New to sexual medicine therapy – and new to Western medicine generally – is the inclusion of mindfulness practice. Mindfulness promotes a state of detached awareness in which thoughts that enter consciousness are noted and then let go without any emotional attachment: so it is more than just concentration. Importantly, it involves a non-judgmental/accepting attitude to the present moment. Regular mindfulness practice is proving very beneficial to increase sexual desire and arousal, enjoyment and satisfaction such that sexual motivation is subsequently further increased.8 Sexual stimuli are felt more intensely (emotional and physical) and the mind stays focused. Clinicians of various backgrounds can include mindfulness in their treatment, but patients can enlist in community programs or download the practices from the internet. A number of helpful books outline the place of mindfulness in health and disease (e.g. Ronald Siegel: The Mindfulness Solution. Guilford Press 2009; Jon Kabat-Zinn: Full Catastrophe Living: Using the Wisdom of Your Body and Mind to Face Stress Pain and Illness. Delta Trade Paperbacks 2005).
Finally it is helpful to briefly explain that, despite media reports, testosterone (and other ‘libido’ drugs), are lacking in both safety and efficacy data. Sexual motivation is complicated: there is no simple ‘desire deficit’ signal from the hypothalamus. It is more to do with the attractiveness of possible rewards from going ahead.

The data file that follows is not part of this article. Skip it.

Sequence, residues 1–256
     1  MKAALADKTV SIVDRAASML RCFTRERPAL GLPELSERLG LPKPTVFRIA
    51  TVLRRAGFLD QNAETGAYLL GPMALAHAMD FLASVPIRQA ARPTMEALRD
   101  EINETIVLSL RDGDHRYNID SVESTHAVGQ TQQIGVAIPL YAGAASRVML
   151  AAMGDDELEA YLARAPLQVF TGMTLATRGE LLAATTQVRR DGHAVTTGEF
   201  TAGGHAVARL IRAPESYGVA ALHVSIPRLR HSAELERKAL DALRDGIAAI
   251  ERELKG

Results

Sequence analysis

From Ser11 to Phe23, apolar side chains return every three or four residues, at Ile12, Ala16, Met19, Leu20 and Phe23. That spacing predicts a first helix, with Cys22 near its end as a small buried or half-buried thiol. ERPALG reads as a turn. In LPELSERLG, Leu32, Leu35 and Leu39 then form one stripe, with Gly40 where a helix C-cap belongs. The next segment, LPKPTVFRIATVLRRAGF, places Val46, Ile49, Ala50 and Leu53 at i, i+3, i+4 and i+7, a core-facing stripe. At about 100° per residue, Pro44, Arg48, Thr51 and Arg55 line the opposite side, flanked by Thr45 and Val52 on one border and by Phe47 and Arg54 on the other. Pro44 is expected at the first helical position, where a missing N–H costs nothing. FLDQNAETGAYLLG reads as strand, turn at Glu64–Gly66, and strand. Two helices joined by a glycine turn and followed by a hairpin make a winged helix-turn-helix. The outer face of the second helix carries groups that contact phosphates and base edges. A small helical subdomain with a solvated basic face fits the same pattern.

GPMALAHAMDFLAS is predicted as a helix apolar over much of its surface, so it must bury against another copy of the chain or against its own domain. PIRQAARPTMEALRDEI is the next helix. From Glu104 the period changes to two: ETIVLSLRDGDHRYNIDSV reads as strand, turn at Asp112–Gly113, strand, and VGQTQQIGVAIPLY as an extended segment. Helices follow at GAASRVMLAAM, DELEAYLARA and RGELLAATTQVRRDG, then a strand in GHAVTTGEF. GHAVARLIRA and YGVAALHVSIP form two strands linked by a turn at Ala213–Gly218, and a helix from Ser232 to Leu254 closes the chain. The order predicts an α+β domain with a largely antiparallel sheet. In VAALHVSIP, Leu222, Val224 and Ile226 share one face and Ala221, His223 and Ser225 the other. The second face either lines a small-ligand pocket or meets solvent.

References (Links might require login with CPSBC or UBC)
- Basson R. Testosterone therapy for reduced libido in women. Ther Adv Endocrinol and Metab 2010; 1(4):155-164. (View article)
- Snabes MC, Zborowski J, Siems S. Libigel (testosterone gel) does not differentiate from placebo therapy in the treatment of hypoactive sexual desire disorder in postmenopausal women. J Sex Med 2012; Vol 9;suppl 3:s171. (View abstract of a presentation with UBC or request from CPSBC)
- Davis S, Moreau M, Kroll R, Bouchard C, Panay N, Gass M, et al: Testosterone for low libido in postmenopausal women not taking estrogen. N Eng J Med 2008; 359:2005-2017. (View with UBC or request from CPSBC)
- Meston CM, Buss DM. Why Humans Have Sex. Arch Sex Behav 2007; 36(4):477-507. (View with UBC or request from CPSBC)
- Burri A, Spector T. Recent and lifelong sexual dysfunction in a female UK population sample: Prevalence and risk factors. J Sex Med 2011; 8(9):2420-2430. (View with UBC or request from CPSBC)
- Hartmann U, Philippsohn S, Heiser K, Rüffer-Hesse C. Low sexual desire in midlife and older women: personality factors, psychosocial development, present sexuality. Menopause 2004; Vol 11;(6, Part 2 of 2) Supplement:726-40. (View with UBC or CPSBC)
- Maserejian NN, Shifren JL, Parish J, Braunstein GD, et al: The presentation of hypoactive sexual desire disorder in premenopausal women. J Sex Med 2010; 7:3439-3448. (View with UBC or request from CPSBC)
- Brotto LA, Basson R, Luria M. A mindfulness-based group psychoeducational intervention targeting Sexual Arousal Disorder in women. J Sex Med 2008; 5(7):1646-1659. (View with UBC or request from CPSBC)